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Australia’s tough border security and asylum-seeker regime is again under global scrutiny this week as a British whistleblower and his Russian wife failed in their bid for refugee status. The case is now starting to attract international attention, including from the Kremlin’s number one target, Bill Browder, himself a fierce critic of the Putin regime. Dr Martin Hirst reports.

In a statement issued exclusively to us, Bill Browder says

“sending the whistleblower back to face certain danger is an abdication of Australia’s commitment to human rights”.

Nick Stride, British glazier who once worked building a greenhouse for former Russian deputy prime minister and current head of Russia’s largest bank, Igor Shuvalov, is facing deportation from Australia along with his wife, Ludmila Kovaleva and their children.

Bill Browder

Bill Browder told us that Nick Stride is a “key whistleblower who exposed massive corruption” by a key Russian official. The documents he leaked helped expose corruption and nepotism within the Russian oligarchy. Now he and Ludmila are fearful that the oligarch may be out to harm them.

According to Bill Browder, the whistleblower has good reason to fear for his life.

“The Russian authorities have a well-established program to viciously punish anyone who does this type of thing. If the Australian government were to send Nick or his wife back to Russia, the family would face a near certainty of being arrested tortured and possibly killed by the Putin regime.”

Browder’s assessment is borne out by the ugly scenes at Moscow airport on Friday (18 January) when another whistleblower, the young Russian woman, Anastasia Vashukevich, was roughly arrested and taken away by secret service officers. Vashukevich had claimed in a since-deleted YouTube video that she had evidence of oligarch and Putin associate, Oleg Deripaska and members of the Trump campaign team colluding over the 2016 US election. In February 2018, Vashukevich was arrested in Thailand on prostitution charges; a few days ago she was deported back to Russia and immediately taken into custody.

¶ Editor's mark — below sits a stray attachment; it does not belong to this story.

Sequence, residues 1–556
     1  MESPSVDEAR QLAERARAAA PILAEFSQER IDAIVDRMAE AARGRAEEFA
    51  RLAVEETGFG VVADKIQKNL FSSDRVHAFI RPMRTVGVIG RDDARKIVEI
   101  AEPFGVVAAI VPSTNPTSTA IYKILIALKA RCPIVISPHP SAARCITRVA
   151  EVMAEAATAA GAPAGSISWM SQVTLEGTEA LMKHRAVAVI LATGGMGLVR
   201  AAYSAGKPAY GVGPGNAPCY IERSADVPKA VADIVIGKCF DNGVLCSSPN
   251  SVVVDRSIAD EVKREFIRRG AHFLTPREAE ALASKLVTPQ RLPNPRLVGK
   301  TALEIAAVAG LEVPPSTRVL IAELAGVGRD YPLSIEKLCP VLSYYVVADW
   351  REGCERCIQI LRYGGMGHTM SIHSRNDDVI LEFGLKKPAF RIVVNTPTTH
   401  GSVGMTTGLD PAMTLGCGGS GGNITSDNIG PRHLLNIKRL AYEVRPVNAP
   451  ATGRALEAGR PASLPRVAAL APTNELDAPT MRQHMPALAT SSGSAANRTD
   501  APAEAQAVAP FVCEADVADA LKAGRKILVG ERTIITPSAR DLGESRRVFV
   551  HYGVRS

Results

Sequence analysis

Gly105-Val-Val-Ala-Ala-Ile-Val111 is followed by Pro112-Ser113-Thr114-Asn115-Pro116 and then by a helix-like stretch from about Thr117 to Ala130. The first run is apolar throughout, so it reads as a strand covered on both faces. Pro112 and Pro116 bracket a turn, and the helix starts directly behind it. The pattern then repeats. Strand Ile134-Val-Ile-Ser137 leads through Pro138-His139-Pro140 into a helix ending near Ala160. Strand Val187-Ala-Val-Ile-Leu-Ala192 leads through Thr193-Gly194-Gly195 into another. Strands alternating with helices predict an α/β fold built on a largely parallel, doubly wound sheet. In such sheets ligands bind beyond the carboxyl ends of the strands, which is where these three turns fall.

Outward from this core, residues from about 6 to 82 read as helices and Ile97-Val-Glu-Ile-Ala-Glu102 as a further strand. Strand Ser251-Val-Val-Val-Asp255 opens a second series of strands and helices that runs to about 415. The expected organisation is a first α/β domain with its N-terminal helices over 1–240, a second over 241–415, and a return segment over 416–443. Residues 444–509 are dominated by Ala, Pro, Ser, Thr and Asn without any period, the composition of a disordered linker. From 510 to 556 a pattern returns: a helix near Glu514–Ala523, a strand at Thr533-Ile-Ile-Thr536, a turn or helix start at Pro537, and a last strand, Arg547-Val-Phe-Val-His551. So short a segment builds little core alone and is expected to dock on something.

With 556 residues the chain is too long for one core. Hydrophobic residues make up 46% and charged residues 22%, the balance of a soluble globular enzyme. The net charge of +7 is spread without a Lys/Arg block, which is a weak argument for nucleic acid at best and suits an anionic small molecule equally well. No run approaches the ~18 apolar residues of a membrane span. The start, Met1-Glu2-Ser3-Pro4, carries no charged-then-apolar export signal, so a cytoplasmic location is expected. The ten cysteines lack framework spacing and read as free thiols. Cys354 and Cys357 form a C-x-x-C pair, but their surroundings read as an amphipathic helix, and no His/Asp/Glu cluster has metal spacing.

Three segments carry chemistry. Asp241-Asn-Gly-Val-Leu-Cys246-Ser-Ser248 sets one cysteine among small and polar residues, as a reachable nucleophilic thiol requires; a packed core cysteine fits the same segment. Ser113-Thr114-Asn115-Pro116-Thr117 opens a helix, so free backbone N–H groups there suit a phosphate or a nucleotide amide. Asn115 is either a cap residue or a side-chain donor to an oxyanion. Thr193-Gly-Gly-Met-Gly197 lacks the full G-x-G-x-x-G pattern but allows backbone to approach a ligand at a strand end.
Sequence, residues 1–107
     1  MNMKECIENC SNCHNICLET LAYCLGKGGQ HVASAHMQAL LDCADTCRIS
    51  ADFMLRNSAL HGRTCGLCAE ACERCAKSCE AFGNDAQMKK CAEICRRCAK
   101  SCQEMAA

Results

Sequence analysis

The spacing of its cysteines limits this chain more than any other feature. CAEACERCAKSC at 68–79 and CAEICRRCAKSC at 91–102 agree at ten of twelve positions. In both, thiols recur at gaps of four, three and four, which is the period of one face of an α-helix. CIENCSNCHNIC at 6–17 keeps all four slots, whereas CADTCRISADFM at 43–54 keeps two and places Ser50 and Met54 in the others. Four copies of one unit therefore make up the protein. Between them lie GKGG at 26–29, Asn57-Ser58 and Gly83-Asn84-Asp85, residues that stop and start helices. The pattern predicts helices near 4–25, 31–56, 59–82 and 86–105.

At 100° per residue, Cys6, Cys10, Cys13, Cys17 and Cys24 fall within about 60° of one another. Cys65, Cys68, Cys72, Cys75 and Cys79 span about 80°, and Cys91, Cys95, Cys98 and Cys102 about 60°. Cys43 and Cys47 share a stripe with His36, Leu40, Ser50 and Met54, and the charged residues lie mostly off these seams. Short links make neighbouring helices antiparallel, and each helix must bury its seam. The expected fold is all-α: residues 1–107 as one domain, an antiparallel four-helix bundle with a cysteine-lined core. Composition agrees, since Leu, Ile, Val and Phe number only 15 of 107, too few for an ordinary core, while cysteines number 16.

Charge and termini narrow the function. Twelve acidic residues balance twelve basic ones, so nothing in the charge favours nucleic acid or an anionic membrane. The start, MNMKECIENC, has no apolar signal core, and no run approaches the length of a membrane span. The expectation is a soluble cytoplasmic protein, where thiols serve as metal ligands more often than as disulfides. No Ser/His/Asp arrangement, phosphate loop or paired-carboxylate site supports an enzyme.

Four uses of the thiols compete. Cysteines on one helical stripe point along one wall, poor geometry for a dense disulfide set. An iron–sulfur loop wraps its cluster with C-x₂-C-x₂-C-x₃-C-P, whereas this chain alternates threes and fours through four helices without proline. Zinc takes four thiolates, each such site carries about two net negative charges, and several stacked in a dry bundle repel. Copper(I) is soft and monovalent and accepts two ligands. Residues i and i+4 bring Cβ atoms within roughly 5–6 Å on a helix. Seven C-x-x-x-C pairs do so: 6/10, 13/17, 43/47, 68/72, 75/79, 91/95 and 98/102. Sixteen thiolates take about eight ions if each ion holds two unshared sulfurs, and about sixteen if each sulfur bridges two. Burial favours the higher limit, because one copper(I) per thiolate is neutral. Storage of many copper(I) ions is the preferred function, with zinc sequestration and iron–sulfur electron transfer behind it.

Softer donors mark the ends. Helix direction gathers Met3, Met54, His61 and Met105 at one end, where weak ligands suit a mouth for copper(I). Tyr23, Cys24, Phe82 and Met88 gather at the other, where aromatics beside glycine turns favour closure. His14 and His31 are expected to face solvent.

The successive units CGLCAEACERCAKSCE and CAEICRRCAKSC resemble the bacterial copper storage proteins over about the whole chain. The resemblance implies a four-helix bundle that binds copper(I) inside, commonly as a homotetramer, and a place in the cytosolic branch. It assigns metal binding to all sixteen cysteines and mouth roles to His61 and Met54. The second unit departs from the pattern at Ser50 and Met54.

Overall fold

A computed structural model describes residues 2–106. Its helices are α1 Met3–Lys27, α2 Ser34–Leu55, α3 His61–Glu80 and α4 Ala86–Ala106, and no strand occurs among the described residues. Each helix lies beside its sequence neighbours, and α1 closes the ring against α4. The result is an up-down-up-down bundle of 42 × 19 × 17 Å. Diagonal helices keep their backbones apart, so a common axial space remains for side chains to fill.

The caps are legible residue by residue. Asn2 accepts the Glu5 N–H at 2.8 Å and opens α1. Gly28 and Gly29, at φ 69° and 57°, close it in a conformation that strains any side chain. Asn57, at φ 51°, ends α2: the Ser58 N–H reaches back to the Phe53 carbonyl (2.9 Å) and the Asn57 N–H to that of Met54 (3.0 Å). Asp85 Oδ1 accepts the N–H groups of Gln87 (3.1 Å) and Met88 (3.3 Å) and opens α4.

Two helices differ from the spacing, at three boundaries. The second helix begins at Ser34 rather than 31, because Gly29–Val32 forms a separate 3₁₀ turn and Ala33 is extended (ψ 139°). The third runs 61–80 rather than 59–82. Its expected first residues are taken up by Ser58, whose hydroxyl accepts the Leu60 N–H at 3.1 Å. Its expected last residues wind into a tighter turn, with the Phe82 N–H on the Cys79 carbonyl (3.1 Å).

Browder himself also has reason to fear the Russian authorities. The UK-based investor and business analyst has been falsely accused of involvement in the November 2009 death of Russian lawyer, Sergei Magnitsky who died in a Russian jail after being beaten and tortured. At their July 2018 Helsinki summit, Trump seemed to agree with Vladimir Putin’s request that Browder be extradited to Russia to face questioning over the spurious allegations.

At the time, Browder told CNN:

“Once I’m back in Russia, they would like to kill me. So, anything that begins that process is effectively a death sentence for me.”

Severe consequences if forced to leave Australia

Nick Stride’s problems began in 2006 when he was contracted to work on the construction of a lavish “wintergarden” greenhouse-style pavilion in the grounds of Shuvalov’s palatial 7.5 hectare estate in the Odinstovo region on the southeast outskirts of Moscow where his neighbours are fellow oligarchs. The structure was to be built in glass and stainless steel and was valued at over $AUD 2.7 million at the time.

In 2010, Nick Stride and his family fled Russia fearing that Shuvalov or his associates would seek to extract revenge because of what he knew about the politician’s affairs. After coming to think that he was not safe in the United Kingdom, Mr Stride brought his family to Australia.

Mr Stride has already alleged that he and his family were threatened with “severe consequences” because of what he knew about Igor Shuvalov’s tax affairs, money laundering and business deals.

There has been very little coverage of Nick Stride’s appeal for asylum in Australia, which has dragged on now since 2012. An article by Tim Clarke appeared in The West Australian in March 2018, but there has been nothing before or since.

This week, the world was alerted to Mr Stride’s case by a tweet from prominent American journalist, Michael Weiss who wrote a 2014 expose on Igor Shuvalov’s alleged corruption based on documents and testimony from Nick.

The Shuvalov family is at the heart of the Russian oligarchy

Michael Weiss is a long-term critic of the Russian regime and is editor-in-chief of The Interpreter an English-language clearing house for anti-corruption stories out of the former Soviet Union. Over the past few years, the work of Weiss and other investigative journalists shows that former deputy PM Shuvalov is one of Russia’s richest oligarchs with close ties to Vladimir Putin and the Kremlin power elite.

After being forced to flee Russia, Nick Stride contacted Michael Weiss and provided him with documents and information which led to the major 2014 story in Foreign Policy magazine. Nick is called “Lucas” in the story: